Promoting the application of formal network analysis across RAND's research portfolio

Center for Applied Network Analysis

People, places, businesses, governments—the modern world is a highly networked one. Researchers can infer meaning by studying the behaviors and relationships of these deeply interconnected systems.

For instance, social connections could have an impact on decisionmaking processes. Relationships can affect health outcomes. And networks can even inform the likelihood of a person to engage in extremist behavior.

The RAND Center for Applied Network Analysis promotes the application of formal network analysis of individuals, organizations, and systems across the full range of RAND’s research portfolio. We pose questions like, “Which relationships matter to a policy outcome?” and “How do relationships create communities?” And we use insights from investigating these questions to advise policy makers on the physical, human and organizational systems they seek to steward.

Network methods consider systems holistically rather than focusing on individual characteristics, allowing us to provide comprehensive insights and solutions for important policy topics.

And our researchers are experts in fields such as policy analysis, mathematics, behavioral and social science, medicine, physics, statistics and engineering, bringing a vital interdisciplinary spirit to the work.

Our Focus

Our approach to network analysis takes the long view, and from every angle. Various methods—including network analysis, complex systems analysis, and social media analysis—allow us to analyze a wide range of relationships to provide objective solutions.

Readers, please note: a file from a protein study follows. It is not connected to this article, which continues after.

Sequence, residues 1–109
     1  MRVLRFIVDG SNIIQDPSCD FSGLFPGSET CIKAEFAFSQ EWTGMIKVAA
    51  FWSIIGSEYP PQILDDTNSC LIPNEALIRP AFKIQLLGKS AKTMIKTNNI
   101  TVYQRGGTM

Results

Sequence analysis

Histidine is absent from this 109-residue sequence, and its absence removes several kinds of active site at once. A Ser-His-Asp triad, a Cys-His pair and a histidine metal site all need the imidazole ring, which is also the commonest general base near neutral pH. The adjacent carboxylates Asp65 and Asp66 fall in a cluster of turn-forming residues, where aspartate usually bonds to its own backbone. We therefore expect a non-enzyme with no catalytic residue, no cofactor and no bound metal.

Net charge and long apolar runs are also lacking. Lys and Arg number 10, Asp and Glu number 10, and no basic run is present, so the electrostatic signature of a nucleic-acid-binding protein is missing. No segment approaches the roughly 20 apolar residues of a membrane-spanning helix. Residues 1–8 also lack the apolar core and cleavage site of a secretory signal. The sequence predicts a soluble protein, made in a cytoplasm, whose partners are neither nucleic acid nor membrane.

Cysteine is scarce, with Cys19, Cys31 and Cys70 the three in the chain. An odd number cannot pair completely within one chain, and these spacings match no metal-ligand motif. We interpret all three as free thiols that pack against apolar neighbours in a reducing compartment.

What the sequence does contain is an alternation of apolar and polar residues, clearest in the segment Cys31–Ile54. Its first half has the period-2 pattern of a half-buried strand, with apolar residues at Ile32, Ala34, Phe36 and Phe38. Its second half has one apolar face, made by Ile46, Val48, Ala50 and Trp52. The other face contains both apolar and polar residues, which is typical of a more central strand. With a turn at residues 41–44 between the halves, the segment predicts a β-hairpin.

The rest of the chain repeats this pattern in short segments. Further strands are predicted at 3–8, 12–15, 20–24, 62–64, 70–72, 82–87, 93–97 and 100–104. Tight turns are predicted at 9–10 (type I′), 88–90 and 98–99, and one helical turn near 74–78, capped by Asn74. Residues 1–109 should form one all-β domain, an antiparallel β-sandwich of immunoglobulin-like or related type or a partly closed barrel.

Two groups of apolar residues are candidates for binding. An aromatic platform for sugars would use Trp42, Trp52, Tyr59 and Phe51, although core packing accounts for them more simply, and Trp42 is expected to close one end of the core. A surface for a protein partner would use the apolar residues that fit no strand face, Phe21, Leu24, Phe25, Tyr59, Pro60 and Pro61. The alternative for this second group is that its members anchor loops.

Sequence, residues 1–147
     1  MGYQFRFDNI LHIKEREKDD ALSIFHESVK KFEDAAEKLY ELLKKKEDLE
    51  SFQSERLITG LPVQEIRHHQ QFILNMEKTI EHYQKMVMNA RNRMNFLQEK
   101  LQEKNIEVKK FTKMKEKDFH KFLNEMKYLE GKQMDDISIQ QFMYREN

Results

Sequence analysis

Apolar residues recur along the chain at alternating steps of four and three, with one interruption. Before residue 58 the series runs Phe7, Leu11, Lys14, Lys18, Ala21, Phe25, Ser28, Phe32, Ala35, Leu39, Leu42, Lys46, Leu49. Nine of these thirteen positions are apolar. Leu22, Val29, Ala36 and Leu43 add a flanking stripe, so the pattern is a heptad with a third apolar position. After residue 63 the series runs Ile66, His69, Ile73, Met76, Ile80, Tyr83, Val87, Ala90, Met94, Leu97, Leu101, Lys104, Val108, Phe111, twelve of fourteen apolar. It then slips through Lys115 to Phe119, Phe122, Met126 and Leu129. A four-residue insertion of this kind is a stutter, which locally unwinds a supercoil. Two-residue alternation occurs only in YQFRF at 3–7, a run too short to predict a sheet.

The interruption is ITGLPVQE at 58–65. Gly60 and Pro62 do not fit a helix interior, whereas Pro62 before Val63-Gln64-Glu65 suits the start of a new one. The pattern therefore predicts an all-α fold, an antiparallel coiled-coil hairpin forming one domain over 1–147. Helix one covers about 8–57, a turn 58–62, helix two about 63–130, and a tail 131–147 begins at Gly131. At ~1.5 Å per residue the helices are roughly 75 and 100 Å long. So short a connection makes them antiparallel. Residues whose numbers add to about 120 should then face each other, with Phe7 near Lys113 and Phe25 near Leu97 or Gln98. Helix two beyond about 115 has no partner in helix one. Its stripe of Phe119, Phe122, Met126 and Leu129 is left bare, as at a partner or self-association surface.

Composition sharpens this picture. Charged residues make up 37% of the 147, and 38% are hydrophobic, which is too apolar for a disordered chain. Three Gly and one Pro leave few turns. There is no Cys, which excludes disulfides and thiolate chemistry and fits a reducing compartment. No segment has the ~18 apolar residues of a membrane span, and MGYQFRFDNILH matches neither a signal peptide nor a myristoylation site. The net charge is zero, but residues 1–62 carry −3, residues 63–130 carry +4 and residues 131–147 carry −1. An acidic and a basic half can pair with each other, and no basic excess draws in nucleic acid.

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Methods in Action

  • Close up of a person's hands using a mobile phone at night

    Journal Article

    Testing a Social Network Intervention to Reduce Substance Use

    A small randomized clinical trial found that a brief computer-assisted Motivational Interviewing social network intervention has potential to positively impact readiness to change alcohol and other drug use and abstinence self-efficacy among formerly homeless individuals transitioning to permanent supportive housing.

  • The ISIS hashtag is seen typed into a Twitter smartphone app, February 6, 2016

    Report

    Examining ISIS Support and Opposition on Twitter

    ISIS uses Twitter to inspire followers, recruit fighters, and spread its message. Its opponents use Twitter to denounce the group. To identify and characterize in detail both networks on Twitter, researchers use a mixed-methods analytic approach that draws on community detection algorithms to help detect interactive communities of Twitter users, lexical analysis that can identify key themes and content for large data sets, and social network analysis.

  • Close-up of a person reading/texting on their smartphone, photo by sam thomas/Getty Images

    Blog

    Three Takeaways from RAND's Analysis of News in the Digital Age

    How has the rise of digital technology shaped the way that news is presented? Student Mahlet Tebeka (cohort '17), alum Steve Davenport ('15), and professors Jennifer Kavanagh and Bill Marcellino conducted an empirical study to find out. Here's what you need to know from their findings.

  • Elizabeth Bodine-Baron discusses the challenges in combating the threat of Russian influence via disinformation spread on social media.

    Multimedia

    Approaches to Counter Russian Social Media Influence

    In this briefing, Elizabeth Bodine-Baron, co-director of the Center for Applied Network Analysis, discusses her research on the challenges combating the threat of Russian influence via disinformation spread on social media. She also shares proposed approaches and recommendations for policymakers.

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Student Spotlight

  • Analyzing Networks, Online and Off

    Within the first few weeks of his arrival at Pardee RAND, Rouslan Karimov (cohort '15) attended two seminars that introduced him to network analysis and changed the course of his academic career. "I am very interested in the spread of information through communication networks," he said. Network analysis "really intrigued me."

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